The Kings have dropped two in a row and three of their last four. They can't score to save their lives. Is the sky falling? The Kings are on pace for 92 points. Before the last four games, they were on pace to make the playoffs. It's still reasonable to think that the Kings will finish about where they finished last year. Of course, it has always been the case that they have to not suck in order to do that. They still, this year as last year and the year before, have to continue to win 4 out of every 6 games, give or take. Everyone does. That's what's required.
The issue of patience isn't restricted to fans or ownership. In fact, at this time of year, the person whose patience is being tested more than anyone's, is Dean Lombardi. A handful of games before the trade deadline. The team can't score. Expectations are at an all-time high. Lombardi knows what he does now will very likely determine the fate of the team, and of course, his own fate, the fate of his Grand Scheme.
I keep thinking about this: just as AEG has to decide how patient it is willing to be with Lombardi, so Lombardi has to decide how patient he's willing to be with his players. In both cases, we can't really know what the parties are thinking. And I really don't know how much faith Lombardi has or will continue to have in Kopitar and Brown (to pick two names) or Johnson and Doughty (to pick two others) when the chips are down. And the chips are about to be "down". All of them. Not just for the season, but for the whole Lombardi era.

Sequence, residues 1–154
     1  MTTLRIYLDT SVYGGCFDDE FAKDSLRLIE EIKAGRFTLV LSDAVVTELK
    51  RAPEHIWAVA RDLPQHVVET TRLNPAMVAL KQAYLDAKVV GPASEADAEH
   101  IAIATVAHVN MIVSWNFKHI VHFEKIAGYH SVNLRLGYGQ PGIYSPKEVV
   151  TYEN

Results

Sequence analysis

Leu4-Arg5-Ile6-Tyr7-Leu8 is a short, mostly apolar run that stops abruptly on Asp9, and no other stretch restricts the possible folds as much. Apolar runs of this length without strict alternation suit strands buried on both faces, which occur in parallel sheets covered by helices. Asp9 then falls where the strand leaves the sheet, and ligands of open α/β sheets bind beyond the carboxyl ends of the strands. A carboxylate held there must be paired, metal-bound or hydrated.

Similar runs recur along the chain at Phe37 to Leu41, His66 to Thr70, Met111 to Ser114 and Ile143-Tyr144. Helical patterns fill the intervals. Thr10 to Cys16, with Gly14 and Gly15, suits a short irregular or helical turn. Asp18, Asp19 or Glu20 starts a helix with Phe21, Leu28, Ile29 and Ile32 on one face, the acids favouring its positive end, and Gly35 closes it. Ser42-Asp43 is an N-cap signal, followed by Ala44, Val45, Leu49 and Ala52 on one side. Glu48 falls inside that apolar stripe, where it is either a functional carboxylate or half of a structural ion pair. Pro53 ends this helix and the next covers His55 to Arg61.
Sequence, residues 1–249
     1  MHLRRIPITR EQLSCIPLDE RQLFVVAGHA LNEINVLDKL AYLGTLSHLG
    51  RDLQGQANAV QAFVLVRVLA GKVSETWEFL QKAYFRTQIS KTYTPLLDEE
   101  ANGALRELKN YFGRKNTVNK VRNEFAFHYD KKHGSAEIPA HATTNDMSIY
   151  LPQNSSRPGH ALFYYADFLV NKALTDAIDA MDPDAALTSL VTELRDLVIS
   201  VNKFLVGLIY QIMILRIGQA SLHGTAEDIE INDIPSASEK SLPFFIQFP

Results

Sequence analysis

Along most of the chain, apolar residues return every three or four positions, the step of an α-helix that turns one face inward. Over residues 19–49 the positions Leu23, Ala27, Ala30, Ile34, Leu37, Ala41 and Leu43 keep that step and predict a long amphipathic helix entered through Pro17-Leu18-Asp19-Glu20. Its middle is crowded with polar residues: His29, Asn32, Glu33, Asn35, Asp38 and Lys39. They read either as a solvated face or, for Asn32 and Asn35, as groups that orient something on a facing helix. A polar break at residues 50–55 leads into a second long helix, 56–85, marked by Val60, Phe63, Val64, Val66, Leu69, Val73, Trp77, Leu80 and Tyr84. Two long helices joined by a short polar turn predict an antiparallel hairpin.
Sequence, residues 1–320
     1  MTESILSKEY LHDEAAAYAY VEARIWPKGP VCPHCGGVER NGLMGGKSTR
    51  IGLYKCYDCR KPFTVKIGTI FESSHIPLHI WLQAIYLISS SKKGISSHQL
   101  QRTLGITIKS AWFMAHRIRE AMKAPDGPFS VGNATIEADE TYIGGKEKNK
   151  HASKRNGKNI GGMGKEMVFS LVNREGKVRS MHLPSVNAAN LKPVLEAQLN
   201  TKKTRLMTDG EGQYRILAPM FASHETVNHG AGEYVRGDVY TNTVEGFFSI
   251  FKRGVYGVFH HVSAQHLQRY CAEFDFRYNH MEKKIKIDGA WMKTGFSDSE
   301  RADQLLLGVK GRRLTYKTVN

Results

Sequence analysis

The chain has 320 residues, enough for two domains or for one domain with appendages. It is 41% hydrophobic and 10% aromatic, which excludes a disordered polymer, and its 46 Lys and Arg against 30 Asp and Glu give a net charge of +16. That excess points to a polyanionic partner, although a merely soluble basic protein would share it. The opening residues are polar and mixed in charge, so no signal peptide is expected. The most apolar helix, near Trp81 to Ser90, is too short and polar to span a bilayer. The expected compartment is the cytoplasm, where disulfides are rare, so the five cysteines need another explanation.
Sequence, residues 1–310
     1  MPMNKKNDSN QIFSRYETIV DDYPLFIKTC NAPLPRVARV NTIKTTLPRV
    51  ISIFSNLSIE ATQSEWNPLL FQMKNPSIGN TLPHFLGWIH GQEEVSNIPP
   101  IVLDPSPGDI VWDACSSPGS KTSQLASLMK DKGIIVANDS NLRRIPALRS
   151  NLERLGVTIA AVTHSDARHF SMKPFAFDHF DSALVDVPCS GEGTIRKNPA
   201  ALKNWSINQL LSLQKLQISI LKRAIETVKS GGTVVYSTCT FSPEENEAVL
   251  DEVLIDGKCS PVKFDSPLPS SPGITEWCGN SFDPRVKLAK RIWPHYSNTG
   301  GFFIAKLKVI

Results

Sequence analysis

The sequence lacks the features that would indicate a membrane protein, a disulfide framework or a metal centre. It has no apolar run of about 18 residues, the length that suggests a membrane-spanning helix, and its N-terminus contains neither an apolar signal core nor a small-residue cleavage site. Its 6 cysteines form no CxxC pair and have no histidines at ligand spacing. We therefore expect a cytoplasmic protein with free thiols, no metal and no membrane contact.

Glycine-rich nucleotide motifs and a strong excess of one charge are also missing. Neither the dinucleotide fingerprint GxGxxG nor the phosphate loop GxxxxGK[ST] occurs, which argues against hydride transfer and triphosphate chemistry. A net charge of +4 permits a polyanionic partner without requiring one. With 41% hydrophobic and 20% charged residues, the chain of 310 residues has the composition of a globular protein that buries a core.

And what happens if the Kings snap out of their mini-funk over the next 5-7 games? The deadline may well arrive before it's clear whether the Kings can meet, without help (i.e. a trade) the world's lofty expectations of them. And then what does Lombardi do? Does he hold? He is conservative by nature...we think. On the other hand, as Darren Dreger pointed out elsewhere yesterday, Lombardi is unpredictable.
Now, I happen to think a big deal is forthcoming. But then, I also thought Penner would score 30-40 goals.